Homunculus by James P Blaylock
A mysterious airship orbits through the foggy skies above Victorian London. It’s terrible secrets are sought by many, including: The Royal Society, a fraudulent evangelist, a fiendish vivisectionist, an evil millionaire and an assorted group led by the scientist and explorer Professor Langdon St. Ives. Can St. Ives keep the alien homunculus out of the claws of the villainous Ignacio Narbondo?
Titan Books released the newest addition to the Narbondo Series early in January this year called The Aylesford Skull, which I read with a certain gusto. Titan Books had planned to release two more books in the Narbondo series. I initially thought that that The Aylesford Skull would make up a new series but after a few pages in it says April 4 of the year of 1875. I quickly recalled the date of the Aylesford Skull which is 1883. Then I found out that Homunculus was the second book in the series, and that James P. Blaylock won the Philip K. Dick award in 1988 for this book. Homunculus was first published in 1986.
Similarly to The Aylesford Skull, or I should say the Aylesford Skull is like Homunculus, is the way that James P. Blaylock writes. It is written with a definite flair. Forget a bit of the fast pacing, full tilt action and steam hissing kind of steampunk. Instead think of a more classic way, his use of words really make you feel like you’re in the 1900’s, it adds - taken together with the characters - a definite flair to the book, styling it all in a gentlemanly Victorian setting.
Here I could have said, again you follow the adventures of Professor/explorer Langdon St. Ives, but actually it is just starting in this series. The events that happen in Homunculus take place a few years earlier than The Aylesford Skull. Just have to throw away the things that happened in The Aylesford Skull. I was actually expecting for a follow-up but this proved a false assumption. So let’s rewind.
St. Ives does show his eccentricity early on. He has other plans that he would like to carry out in Homunculus. He is planning on completing his spaceship. Yes, a spaceship in 1875! Homunculus shows some over the top bizarre ideas that, in my opinion, were perhaps not thought off in 1986. Featuring zombie ghouls and aliens. For its time I do think that this book must have run way ahead of its competitors. And even now in 2013, it still delivers a very unique story. But back to the book again. There are several key players in Homunculus, both from the perspectives of the good guys and that off the bad guys. And both parties have an interest in a specific items. Langdon St. Ives is one of the good guys, though his plans are completely different when the book starts, he is drawn in by his society and one other event into the fray and now also has some interest in what is soaring above London. Next to him you have other similarly eccentric members of the Trismegistus Club who St. Ives helps in their cause but you also got the bad guys. For starters the hunchbacked Ignacio Narbondo. Man I love this guy. But his character is more or less made by the way that Blaylock writes up his persona. This actually counts for every other character as well that Blaylock uses to tell the story. All the characters are shown in a bit of an over the top romp kind of way. Where they display stereotypical traits that you associate with either the bad guys and good guys. Just a highlight. When a reanimation is carried out by Ignacio, he just leaves the curtains open for bystanders to look through or the good guys watch through a nearby window what the bad guys are plotting, it is by going in this direction that Homunculus stands out above many other books that have been published in the recent years.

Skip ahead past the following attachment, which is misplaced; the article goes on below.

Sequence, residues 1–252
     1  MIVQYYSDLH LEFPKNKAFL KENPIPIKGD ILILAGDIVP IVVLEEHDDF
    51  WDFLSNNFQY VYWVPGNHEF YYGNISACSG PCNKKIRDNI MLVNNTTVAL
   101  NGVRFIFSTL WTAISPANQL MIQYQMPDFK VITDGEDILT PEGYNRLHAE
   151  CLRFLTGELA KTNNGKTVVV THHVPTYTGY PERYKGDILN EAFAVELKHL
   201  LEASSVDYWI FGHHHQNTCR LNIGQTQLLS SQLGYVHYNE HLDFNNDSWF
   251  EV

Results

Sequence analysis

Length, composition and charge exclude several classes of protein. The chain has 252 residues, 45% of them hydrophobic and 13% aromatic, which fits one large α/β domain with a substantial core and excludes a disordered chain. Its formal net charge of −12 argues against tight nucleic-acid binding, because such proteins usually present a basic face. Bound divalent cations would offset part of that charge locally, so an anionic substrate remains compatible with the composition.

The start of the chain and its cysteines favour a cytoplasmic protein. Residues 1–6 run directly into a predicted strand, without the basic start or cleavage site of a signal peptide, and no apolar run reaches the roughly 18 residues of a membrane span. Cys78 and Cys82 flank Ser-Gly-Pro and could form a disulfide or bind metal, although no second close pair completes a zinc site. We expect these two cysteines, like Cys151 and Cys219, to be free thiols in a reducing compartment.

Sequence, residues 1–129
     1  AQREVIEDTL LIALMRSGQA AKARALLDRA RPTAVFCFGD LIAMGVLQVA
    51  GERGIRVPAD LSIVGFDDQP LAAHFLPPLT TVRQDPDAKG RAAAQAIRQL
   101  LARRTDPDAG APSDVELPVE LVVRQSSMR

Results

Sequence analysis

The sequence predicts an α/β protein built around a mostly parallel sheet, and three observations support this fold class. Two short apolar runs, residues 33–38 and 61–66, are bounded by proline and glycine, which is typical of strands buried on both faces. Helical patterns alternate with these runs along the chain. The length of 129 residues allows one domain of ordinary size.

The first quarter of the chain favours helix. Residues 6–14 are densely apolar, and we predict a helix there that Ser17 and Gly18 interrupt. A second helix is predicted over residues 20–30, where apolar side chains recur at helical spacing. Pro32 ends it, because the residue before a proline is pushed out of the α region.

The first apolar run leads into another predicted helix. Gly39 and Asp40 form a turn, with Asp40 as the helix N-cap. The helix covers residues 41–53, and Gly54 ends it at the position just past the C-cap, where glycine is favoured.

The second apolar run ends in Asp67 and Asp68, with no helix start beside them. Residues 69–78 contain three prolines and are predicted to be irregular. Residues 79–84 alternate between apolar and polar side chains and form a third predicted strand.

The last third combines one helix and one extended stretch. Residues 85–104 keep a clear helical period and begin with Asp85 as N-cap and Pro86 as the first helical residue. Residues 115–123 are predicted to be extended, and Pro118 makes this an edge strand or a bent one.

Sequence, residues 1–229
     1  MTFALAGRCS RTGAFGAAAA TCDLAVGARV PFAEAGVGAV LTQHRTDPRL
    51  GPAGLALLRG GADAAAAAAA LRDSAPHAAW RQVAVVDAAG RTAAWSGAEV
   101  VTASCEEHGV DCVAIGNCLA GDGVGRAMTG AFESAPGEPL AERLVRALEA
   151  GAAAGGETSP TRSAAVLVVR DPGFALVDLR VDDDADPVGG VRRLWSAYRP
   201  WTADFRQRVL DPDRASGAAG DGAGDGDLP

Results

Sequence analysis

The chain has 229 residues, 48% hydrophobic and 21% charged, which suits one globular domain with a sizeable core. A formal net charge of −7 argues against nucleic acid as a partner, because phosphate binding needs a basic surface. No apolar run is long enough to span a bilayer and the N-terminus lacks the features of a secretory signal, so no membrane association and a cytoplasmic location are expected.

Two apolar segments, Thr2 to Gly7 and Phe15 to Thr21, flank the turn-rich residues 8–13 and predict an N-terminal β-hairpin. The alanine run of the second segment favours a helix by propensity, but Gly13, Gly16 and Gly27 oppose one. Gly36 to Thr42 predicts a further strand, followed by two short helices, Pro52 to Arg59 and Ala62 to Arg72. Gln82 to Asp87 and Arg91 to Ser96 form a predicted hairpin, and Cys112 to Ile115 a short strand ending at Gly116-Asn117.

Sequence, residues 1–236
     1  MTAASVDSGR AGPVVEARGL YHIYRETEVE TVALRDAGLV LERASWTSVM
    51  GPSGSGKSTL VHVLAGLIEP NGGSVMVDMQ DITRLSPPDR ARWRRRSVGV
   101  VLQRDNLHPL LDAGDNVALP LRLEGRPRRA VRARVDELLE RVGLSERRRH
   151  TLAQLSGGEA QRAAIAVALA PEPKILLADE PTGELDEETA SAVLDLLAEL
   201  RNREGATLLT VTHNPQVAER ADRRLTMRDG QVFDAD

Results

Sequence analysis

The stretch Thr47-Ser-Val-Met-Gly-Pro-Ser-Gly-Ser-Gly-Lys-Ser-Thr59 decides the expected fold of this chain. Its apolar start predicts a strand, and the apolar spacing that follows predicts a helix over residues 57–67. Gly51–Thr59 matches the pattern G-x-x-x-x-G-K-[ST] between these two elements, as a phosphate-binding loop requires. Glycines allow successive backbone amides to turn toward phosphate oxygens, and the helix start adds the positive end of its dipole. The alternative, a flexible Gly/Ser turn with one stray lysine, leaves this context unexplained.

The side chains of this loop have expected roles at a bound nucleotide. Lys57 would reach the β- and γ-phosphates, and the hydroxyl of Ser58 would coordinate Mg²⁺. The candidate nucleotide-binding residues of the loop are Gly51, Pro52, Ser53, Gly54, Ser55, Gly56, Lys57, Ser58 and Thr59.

Homunculus is a smart and witty book that takes place in an unique Victorian London. Some readers might find the pacing of this book a bit odd, and this is agreeable. It is not that the writing is out of date or anything it is just that you do not encounter this writing that often. Even looking at The Aylesford Skull I must admit that it reads a bit easier than Homunculus. But the reduced pacing does not take away that Homunculus was way ahead of its time with combining so bizarre fantasy elements in a great steampunk blend. It is completely deserved that Homunculus won the Philip K. Dick award. The universe is marvellous, the characters even greater. Just a small stress again: Langdon St. Ives and Ignacio Narbondo’s character are just so grand in the way they display the gentlemanly English fashion and the stereotypical good guy / bad guy behaviour. This series is great stuff.
This Homunculus book review was written by Jasper de Joode
All reviews for: A Tale of Langdon St. Ives
A Tale of Langdon St. Ives
When the sudden collapse of the Victoria Embankment uncovers a passage to an unknown realm, Langdon St. Ives sets out explore it, not knowing that a wealthy psychopath is w...
The Aylesford Skull
A Tale of Langdon St. Ives #1
It is the summer of 1883 and Professor Langdon St. Ives – brilliant but eccentric scientist and explorer – is at home in Aylesford with his family. However, a f...
A Tale of Langdon St. Ives #2
A mysterious airship orbits through the foggy skies above Victorian London. It’s terrible secrets are sought by many, including: The Royal Society, a fraudulent evang...
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